Saturday, October 27, 2012

“Chasing Ice” – Movie Review



This week in my movie class, we saw the new documentary “Chasing Ice”. 



An experienced nature photographer spends years photographing various icebergs around the northern hemisphere in order to illustrate the impact of global warming on the planet. 


Photographer James Balog certainly never started out life wanting to be considered an environmentalist – but that seems to have been the life path that he wound up taking, as accidental as it may have been.  With a background in geology and a passion for photography, he wound up combining two of his greatest interests by forging a long, successful career as a professional photographer of many outdoor scenes.  But it was one particular shoot from a few years ago that eventually sent him off on a new obsession – one fraught with great controversy.   

During a photographic expedition to the arctic region in order to capture climate changes, he gradually became a true believer regarding the issue, despite having a great many doubts previously.  This experience inspired Balog to the most ambitious project of his or any other photographer’s career:  to obtain visual verification that the earth’s temperature is increasing by showing the melting of massive icebergs around the world. 

Balog then set out on his mission with a team to help him set up photographic equipment in Iceland, Greenland, northern Montana and elsewhere.  This equipment included new and as yet untested technology for time lapse photography techniques in an environment that was as unfriendly to the technology as it was to humans.  Despite frequent challenges and occasional failures, Balog was able to successfully obtain evidence that the increased use of carbon emissions over the centuries has had a direct impact on icebergs receding and glaciers rapidly melting.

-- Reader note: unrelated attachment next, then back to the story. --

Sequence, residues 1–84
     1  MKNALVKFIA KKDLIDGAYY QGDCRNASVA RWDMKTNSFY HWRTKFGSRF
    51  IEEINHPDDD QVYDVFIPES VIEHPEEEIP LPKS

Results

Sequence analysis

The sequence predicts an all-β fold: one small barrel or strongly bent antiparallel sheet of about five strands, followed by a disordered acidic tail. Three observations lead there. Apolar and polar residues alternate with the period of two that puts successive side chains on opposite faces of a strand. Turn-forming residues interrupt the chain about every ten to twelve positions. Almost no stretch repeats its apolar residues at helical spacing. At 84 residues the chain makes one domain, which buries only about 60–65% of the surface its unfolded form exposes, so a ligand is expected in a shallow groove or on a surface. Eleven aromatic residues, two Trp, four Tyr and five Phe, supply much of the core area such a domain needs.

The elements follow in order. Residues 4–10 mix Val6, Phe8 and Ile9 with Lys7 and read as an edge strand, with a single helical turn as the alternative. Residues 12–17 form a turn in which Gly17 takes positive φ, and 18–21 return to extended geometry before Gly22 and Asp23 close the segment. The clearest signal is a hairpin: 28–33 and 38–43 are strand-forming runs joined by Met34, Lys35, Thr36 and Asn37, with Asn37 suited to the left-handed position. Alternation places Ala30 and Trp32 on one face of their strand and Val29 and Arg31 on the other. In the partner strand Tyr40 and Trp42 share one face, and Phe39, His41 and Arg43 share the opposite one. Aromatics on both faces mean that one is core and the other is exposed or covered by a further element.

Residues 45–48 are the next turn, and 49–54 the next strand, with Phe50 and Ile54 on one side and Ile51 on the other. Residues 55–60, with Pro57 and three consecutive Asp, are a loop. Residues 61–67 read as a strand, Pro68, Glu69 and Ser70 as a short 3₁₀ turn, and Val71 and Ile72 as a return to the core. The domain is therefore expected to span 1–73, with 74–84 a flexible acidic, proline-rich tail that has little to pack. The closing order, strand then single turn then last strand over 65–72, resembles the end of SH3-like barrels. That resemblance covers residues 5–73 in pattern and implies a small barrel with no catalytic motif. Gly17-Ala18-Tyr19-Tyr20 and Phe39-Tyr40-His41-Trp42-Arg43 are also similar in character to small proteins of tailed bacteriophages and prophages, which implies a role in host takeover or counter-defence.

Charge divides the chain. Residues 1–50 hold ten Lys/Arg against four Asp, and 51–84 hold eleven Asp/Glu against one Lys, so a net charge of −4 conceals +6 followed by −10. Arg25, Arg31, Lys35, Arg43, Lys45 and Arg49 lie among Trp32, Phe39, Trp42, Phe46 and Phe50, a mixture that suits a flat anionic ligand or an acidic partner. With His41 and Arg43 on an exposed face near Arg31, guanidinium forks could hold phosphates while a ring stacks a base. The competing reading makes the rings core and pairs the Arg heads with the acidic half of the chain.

Perhaps the most impressive thing about “Chasing Ice” is the number of stunning visual images that were captured both on video and in still pictures.  Among these include an event referred to as “calving”, which is where huge chunks break off from icebergs and then become glaciers, which then aimlessly float throughout the ocean, eventually melting if they wind up managing to travel far enough to the south.  Additionally, evidence which proves over a period of time – usually years, but in some cases months – that ice caps are shrinking in size at an alarming rate. 

There are parts of the film that are quite dry, specifically when much of the technical and statistical details are delivered – so from that standpoint, viewers can certainly be somewhat grateful that the documentary is under an hour and a half.  However, the filmmakers do make an effort to humanize the subject matter by showing the effects of Balog’s extensive travel and adventurous behavior on his family as well as how health problems occasionally limited his active participation in his own project. 

Following the screening, our instructor interviewed both Balog and the documentary’s director, Jeff Orlowsky, who was also a member of Balog’s team.  Orlowsky explained that originally, the plan was not to shoot a documentary to be released in theaters, but instead, to act as the project’s videographer in order to record the actions taken on this expedition.  It was only after a certain amount of footage was recorded did he go to Balog and tell him that it appeared as though they had the makings of an actual film on their hands.  Balog talked at great length about the technological advances that have occurred during his long and illustrious career as a photographer and how that has changed how he works;


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